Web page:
"The Bible is Black History-Children's Edition" tells biblical stories using more historically accurate depictions of Bible characters. This book intends to highlight the association between Bible stories and their black characters for young readers. "The Bible is Black History-Children's Edition", also, seeks to begin the mitigation process of the century's old whitewashing of biblical heroes and heroines, and to expose children of African descent to a more authentic rendition of biblical depictions. It is empowering for young children to read the biblical story and see themselves as a part of its powerful narrative.
We live in an age when young Christians are asking tough questions that previous generations would dare to ask. This generation doesn't hesitate to question the validity of the Scriptures, the efficacy of the church and even the historicity of Jesus. Young people are becoming increasingly curious as to what role, if any, did people of African descent play in biblical history? Or, if the Bible is devoid of Black presence, and is merely a book by Europeans, about Europeans and for Europeans to the exclusion of other races and ethnicities? Dr. Theron D. Williams makes a significant contribution to this conversation by answering the difficult questions this generation fearlessly poses. Dr. Williams uses facts from the Bible, well-respected historians, scientists, and DNA evidence to prove that Black people comprised the biblical Israelite community. Dr. Williams also presents historical evidence that links some in the African-American community to the Lost Tribes of Israel. He also shares historical images from the ancient catacombs that vividly depict the true likeness of the biblical Israelites. This book does not change the biblical text but it will change how you understand it.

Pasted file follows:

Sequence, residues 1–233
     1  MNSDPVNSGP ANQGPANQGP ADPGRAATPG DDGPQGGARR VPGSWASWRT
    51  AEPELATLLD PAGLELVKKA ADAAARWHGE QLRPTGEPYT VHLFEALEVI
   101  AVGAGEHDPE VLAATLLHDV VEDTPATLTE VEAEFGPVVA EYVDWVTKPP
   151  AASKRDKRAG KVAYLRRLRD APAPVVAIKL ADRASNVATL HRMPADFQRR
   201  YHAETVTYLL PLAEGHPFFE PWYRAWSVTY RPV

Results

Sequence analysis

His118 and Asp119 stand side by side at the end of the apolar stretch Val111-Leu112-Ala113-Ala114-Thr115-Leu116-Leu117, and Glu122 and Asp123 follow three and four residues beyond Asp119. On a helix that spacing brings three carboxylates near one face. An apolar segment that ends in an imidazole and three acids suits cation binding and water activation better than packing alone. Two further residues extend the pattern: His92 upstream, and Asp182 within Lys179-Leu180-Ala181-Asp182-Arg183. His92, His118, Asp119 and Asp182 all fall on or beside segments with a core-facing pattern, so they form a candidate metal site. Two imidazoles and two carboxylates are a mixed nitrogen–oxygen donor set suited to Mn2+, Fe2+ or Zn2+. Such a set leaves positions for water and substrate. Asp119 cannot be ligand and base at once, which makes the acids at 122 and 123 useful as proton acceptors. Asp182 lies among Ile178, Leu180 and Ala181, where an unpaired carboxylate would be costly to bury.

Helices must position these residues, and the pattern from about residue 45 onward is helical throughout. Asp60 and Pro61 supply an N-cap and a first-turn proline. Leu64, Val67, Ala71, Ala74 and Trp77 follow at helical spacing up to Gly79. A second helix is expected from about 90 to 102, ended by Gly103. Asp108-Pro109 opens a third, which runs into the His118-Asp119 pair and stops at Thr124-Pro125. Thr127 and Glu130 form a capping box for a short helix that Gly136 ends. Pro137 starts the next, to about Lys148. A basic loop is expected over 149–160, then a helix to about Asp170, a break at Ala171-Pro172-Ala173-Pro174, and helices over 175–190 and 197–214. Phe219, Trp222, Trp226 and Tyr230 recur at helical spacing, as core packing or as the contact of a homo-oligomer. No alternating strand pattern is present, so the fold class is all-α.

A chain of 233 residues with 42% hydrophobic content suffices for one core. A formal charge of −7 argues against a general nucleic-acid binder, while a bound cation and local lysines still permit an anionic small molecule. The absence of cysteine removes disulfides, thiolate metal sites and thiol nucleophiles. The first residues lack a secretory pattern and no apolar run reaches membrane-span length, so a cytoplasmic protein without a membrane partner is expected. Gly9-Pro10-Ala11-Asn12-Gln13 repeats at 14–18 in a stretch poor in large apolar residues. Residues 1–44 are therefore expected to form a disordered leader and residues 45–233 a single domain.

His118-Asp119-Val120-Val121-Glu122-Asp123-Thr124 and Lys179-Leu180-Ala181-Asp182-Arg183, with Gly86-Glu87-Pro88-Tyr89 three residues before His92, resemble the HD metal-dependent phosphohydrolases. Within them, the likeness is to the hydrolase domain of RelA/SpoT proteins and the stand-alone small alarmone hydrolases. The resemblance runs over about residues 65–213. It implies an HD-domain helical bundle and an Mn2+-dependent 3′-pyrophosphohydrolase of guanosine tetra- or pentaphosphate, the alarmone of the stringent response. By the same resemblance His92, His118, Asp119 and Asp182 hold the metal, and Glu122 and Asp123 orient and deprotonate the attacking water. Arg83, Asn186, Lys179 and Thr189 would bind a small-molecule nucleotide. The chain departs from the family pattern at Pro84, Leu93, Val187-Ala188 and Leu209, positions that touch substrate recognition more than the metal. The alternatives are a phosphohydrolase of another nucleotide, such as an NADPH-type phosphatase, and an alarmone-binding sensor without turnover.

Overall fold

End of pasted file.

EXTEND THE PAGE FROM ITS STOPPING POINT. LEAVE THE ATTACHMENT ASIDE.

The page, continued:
The Bible is Black History Personal Workbook contains probing questions designed to encourage the reader to more thoroughly delve into the themes presented in The Bible is Black History. The Personal Workbook, along with the book are perfect study materials for Vacation Bible Schools, Sunday Schools, Mid-Week Bible Studies, small group, and personal studies.An equally important function of the Personal Workbook is to stimulate the curiosity of the student such that the student would conduct further studies on this topic; since there is no single book in publication that addresses every subject that pertains to Black presence in the Bible. Also, a bibliography of suggested texts is provided in this personal workbook should the student desire further study materials. Dr. Williams has been the Pastor of the Mt. Carmel Church of Indianapolis, Indiana for more than 30 years. He holds a Doctor of Ministry and Master of Divinity degrees from the Chicago Theological Seminary and the School of Theology at Virginia Union University respectively.